Inducted in 1999
World Series champion - Detroit Tigers
American League East Division, champion - Detroit Tigers
Major-league record, saves by a relief pitcher (38)
Sporting News American League Fireman of the Year
American League Comeback Player of the Year
Major-league record, wins by a relief pitcher (17)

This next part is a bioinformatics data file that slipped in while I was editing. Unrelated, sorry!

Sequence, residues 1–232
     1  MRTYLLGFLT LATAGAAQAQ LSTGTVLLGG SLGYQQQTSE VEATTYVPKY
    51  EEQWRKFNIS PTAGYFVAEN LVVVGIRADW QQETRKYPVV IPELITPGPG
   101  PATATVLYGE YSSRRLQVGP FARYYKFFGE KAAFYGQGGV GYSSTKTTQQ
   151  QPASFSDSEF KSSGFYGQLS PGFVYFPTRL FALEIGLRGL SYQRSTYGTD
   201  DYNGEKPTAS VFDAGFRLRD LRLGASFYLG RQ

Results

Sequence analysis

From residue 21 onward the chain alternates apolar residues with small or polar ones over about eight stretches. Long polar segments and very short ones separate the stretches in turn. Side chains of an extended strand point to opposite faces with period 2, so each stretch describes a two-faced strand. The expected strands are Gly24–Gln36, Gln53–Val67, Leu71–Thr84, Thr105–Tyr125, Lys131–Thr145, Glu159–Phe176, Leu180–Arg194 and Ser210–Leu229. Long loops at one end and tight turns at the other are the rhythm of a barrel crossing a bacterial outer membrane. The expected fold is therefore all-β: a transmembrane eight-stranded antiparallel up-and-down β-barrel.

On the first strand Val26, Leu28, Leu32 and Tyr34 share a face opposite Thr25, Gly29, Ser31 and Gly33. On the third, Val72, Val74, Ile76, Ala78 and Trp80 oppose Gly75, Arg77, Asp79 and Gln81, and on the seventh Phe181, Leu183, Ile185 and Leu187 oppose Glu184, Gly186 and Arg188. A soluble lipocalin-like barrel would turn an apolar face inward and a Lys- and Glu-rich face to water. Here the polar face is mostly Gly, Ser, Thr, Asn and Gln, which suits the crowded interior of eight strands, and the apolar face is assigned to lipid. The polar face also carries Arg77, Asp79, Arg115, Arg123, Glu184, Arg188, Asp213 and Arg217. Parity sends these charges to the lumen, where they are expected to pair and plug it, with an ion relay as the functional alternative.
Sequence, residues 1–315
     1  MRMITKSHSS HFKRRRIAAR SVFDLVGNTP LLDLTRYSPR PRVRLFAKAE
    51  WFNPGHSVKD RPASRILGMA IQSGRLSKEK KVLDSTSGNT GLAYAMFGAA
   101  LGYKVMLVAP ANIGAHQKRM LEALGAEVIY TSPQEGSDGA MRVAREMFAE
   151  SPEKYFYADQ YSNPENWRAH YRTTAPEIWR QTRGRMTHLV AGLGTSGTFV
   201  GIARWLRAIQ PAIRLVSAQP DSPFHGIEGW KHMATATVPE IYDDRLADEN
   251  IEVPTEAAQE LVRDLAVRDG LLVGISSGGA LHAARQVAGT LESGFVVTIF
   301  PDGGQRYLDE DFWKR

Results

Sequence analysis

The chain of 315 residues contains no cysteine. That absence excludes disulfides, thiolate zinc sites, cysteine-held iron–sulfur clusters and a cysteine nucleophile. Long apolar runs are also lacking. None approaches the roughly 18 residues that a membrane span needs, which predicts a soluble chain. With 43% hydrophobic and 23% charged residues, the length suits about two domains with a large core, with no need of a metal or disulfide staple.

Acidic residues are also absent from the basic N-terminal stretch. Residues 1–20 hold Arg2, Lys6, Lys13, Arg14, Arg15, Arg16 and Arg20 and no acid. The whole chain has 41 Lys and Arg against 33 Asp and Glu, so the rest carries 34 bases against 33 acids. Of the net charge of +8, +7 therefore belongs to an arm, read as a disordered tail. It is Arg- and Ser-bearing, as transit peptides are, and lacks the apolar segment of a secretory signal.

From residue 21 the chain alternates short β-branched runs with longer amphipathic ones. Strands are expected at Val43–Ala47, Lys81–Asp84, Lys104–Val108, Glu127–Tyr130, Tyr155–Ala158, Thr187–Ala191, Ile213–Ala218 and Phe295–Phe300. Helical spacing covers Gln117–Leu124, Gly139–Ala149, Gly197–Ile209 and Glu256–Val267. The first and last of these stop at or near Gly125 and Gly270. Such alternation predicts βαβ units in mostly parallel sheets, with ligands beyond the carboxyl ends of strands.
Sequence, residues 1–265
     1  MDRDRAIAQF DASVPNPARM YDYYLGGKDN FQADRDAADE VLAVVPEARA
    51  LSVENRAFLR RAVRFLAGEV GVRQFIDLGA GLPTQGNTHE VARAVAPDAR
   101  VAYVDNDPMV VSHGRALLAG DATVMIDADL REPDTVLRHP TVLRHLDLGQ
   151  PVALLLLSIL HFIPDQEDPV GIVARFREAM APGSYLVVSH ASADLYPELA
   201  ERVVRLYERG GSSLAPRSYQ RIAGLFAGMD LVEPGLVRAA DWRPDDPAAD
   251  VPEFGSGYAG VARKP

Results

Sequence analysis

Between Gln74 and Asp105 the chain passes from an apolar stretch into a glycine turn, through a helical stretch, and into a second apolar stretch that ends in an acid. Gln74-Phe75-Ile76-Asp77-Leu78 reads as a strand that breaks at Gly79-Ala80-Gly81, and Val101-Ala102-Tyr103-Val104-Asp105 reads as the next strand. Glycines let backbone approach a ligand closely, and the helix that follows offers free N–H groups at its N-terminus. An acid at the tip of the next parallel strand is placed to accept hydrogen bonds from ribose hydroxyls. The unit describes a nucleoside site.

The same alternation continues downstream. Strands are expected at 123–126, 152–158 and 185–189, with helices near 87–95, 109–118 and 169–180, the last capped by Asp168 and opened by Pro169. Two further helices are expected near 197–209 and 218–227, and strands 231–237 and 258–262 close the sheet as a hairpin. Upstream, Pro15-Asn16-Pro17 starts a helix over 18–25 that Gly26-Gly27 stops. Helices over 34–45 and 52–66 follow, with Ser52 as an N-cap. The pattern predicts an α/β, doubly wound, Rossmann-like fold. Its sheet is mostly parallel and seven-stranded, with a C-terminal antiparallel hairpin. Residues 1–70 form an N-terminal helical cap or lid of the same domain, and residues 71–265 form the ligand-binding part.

For most baseball players, a long and successful career in the big leagues would be glory enough. But John Hiller will always be remembered for the remarkable fortitude he showed off the field in battling back from illness as much he will be for the records he set on it. A left-handed pitcher, Hiller graduated from Toronto's East York Minor Baseball Association to craft a successful 15-year major-league career spent entirely with the Detroit Tigers. He began as a starting pitcher and in 1968 was a member of the Tigers' World Series-winning team. On August 6, 1968, he set a modern major-league record by striking out the first six batters in a game against the Cleveland Indians. Hiller had already begun pitching out of the bullpen when his career was derailed. He suffered a massive heart attack on January 11, 1971, and missed the entire 1971 season. While he attended spring training with the Tigers in 1972, he began the season as the batting-practice pitcher and it was not until July of that year that he resumed his playing career. He was the winning pitcher in game four of that season's American League Championship Series. Hiller ensured his remarkable comeback was a success by becoming one of the dominant relievers in the American League. In fact, in 1973 he had the best season of his career. His 10-5 record included a sparkling 1.44 ERA and a league-leading 65 appearances. Most impressively, he set a major-league record with 38 saves, a mark that stood for a decade. For his achievements, he was named the American League Fireman of the Year, awarded to the league's top relief pitcher. He also finished fourth in voting for the Cy Young Award. Hiller's perseverance was also rewarded with the Hutch Award and Comeback Player of the Year Award. He followed up this success in 1974 by being named to his first All-Star team and setting a record for wins by a reliever, which has never been bettered. In all, Hiller pitched in 545 games between 1965 and 1980, a franchise-record for the century-old Tigers franchise. He compiled a record of 87 wins and 76 losses with an outstanding 2.83 earned run average. His 125 saves were, at the time of his retirement, the fourth-highest total in American League history. Hiller was inducted into the Canadian Baseball Hall of Fame in 1985.